Childcare tax credits face an uphill battle in the Missouri Senate

A bipartisan package of tax breaks for child care, championed by Gov. Mike Parson, has drawn fierce opposition from conservative lawmakers

For the second year in a row, the fate of a bill creating new tax breaks for child care — one of Gov. Mike Parson’s top legislative priorities — rests in the hands of a faction of Republicans in the Missouri Senate.

The child care tax credit package, designed to help improve access and affordability of child care, has received bipartisan support and was the first bill passed by the House of Representatives this year.

But that bill, sponsored by Republican state Rep. Brenda Shields of St. Joseph, stalled in the Senate. Democratic state Sen. Lauren Arthur’s version of the bill has fared no better.

With the legislative session ending Friday at 6 p.m. and a stalemate expected in the Senate, the bill is unlikely to end up on the governor’s desk.

A similar dynamic killed the legislation last year.

“There remains hope,” Arthur said on Friday. “But things are still up in the air.”

The governor has promoted the legislation as a way to help parents enter the workforce, highlighting the proposal in his last two State of the State addresses to the Legislature. The legislation has also received support from children’s advocacy groups, chambers of commerce and business groups, and faced little opposition in committee hearings this year.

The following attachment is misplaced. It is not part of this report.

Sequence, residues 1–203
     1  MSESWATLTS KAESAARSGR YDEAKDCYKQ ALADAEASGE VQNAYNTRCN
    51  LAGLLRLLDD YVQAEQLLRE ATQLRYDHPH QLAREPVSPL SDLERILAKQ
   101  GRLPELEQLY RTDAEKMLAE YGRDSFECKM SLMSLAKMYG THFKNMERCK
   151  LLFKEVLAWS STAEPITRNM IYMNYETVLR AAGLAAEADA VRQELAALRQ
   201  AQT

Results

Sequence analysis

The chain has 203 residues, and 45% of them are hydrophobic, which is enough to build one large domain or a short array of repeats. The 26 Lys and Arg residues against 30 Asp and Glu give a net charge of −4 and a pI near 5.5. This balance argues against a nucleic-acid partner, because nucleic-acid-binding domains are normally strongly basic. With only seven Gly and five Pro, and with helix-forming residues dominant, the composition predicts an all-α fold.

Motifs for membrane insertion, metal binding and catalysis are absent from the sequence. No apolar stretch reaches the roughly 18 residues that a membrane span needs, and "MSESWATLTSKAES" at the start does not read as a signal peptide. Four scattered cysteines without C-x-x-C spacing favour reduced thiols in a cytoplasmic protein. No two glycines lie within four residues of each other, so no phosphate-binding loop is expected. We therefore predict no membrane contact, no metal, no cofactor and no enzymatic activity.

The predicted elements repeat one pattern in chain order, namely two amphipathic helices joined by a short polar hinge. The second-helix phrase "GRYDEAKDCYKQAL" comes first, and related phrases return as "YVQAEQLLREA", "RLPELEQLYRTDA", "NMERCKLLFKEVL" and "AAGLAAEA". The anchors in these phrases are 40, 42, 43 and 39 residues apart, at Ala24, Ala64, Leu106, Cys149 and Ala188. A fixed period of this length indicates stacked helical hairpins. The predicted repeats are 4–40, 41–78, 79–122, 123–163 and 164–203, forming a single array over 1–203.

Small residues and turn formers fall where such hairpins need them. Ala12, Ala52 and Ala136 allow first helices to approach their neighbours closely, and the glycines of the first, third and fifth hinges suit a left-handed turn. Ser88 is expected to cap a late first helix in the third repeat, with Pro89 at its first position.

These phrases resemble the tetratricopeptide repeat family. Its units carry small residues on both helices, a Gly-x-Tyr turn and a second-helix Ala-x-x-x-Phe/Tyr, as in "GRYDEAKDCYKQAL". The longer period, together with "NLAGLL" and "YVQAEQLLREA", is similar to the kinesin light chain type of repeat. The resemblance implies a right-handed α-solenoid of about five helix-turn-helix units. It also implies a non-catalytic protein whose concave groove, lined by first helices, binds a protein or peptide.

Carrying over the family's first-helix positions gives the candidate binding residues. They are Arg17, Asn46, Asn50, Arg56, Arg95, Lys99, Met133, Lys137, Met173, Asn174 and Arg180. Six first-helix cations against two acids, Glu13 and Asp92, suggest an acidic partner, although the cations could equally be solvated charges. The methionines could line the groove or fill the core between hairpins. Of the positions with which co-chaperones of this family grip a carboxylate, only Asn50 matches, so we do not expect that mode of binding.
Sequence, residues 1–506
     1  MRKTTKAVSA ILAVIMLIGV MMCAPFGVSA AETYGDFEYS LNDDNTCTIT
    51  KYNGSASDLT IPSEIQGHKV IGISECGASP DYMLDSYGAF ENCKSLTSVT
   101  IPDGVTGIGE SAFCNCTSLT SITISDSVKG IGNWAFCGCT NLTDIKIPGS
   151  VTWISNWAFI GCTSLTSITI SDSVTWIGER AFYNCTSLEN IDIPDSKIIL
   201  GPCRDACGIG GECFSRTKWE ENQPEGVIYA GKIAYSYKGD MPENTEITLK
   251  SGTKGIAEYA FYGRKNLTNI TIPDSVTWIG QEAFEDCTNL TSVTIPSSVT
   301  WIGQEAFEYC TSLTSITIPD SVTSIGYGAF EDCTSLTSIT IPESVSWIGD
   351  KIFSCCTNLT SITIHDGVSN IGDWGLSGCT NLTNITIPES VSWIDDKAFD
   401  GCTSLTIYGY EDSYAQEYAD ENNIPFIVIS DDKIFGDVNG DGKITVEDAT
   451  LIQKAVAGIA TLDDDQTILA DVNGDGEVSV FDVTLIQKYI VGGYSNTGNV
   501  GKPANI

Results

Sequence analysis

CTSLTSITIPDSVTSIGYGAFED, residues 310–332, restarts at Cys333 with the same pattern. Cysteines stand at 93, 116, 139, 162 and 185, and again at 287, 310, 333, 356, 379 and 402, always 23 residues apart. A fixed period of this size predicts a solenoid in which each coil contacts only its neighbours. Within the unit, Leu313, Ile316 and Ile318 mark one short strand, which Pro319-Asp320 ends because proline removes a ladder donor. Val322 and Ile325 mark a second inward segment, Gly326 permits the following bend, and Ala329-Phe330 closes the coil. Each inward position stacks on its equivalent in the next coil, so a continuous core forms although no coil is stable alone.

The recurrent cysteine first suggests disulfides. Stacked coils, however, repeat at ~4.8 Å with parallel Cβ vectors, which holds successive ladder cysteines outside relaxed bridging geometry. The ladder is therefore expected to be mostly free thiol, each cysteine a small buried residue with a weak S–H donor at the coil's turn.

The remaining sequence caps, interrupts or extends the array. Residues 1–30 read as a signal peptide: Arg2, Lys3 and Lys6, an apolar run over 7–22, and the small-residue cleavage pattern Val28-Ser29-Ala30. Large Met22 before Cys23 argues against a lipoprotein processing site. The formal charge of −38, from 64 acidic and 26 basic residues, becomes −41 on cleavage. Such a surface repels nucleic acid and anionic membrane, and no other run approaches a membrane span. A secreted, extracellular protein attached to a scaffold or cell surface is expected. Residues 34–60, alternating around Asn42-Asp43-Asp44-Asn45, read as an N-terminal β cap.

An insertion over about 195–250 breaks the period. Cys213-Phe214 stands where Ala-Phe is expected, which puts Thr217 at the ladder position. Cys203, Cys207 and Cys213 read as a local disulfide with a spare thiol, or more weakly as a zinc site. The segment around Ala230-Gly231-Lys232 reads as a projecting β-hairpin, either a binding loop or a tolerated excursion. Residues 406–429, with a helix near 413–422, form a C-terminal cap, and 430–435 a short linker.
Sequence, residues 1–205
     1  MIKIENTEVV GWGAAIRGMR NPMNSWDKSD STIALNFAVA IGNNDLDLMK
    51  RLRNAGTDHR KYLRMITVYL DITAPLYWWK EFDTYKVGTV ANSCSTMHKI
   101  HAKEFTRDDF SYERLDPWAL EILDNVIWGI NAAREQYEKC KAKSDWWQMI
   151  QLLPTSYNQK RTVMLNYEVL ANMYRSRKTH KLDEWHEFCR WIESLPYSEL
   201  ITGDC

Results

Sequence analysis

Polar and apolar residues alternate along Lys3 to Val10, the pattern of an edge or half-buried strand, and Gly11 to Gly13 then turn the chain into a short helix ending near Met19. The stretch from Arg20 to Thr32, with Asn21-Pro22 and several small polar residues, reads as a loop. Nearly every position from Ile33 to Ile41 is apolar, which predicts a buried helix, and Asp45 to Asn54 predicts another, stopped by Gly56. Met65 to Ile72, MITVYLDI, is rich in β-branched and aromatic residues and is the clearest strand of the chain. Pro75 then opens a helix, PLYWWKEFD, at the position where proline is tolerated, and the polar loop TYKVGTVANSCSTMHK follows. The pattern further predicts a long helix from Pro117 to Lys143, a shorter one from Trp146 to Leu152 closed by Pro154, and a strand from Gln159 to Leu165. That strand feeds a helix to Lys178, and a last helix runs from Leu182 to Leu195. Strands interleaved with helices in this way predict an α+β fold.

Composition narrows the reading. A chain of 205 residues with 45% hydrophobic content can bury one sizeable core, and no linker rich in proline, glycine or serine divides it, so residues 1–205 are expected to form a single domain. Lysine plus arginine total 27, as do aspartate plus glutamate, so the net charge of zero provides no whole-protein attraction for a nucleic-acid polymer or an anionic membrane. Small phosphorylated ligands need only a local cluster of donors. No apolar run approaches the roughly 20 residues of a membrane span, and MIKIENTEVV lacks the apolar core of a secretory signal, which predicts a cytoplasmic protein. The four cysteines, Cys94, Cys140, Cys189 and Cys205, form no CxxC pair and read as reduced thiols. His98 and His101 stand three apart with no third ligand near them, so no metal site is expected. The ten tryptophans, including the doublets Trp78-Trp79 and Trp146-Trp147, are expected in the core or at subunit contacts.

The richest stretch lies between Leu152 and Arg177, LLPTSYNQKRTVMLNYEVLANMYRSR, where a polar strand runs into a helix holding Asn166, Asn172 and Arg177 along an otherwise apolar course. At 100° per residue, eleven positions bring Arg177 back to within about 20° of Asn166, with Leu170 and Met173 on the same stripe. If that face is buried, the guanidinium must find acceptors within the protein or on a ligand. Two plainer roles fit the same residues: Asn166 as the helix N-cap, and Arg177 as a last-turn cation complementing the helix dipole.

Casey Hanson, director of outreach and engagement at the nonprofit Kids Win Missouri, which is supporting the legislation, said she is trying to remain optimistic.

But this session, Hanson said, is looking more and more like 2023.

“Same roadblocks. Same characters,” she said. “Different year.”

‘It’s well-being’

A proposal by Arthur to add the child care tax credit to another bill, as an amendment, was rejected by the Missouri Freedom Caucus last week.

Sen. Bill Eigel, a Republican from Weldon Spring who is running for governor, characterized Parson’s childcare priorities as promoting bigger government and called it “a great time to be a Democrat in Jefferson City.” ”

“… And it is not intended to actually protect the rights of the children. In this case, it’s to give them something,” Eigel continued. “In this case we want to give away free childcare.”

Senator Rick Brattin, a Harrisonville Republican and member of the Freedom Caucus, also spoke out against the proposal, saying that “the administration created all the regulations that have literally decimated the child care industry” and now the administration is trying to “step in” to to fix a problem that caused it.

State Sen. Mike Moon, a Republican from Ash Grove, later piled on.

“I think it’s a benefit,” Moon said, adding that he and his wife decided years ago that she would stay home with their children. “We must create an environment where our families can care for themselves and their children at their own expense.”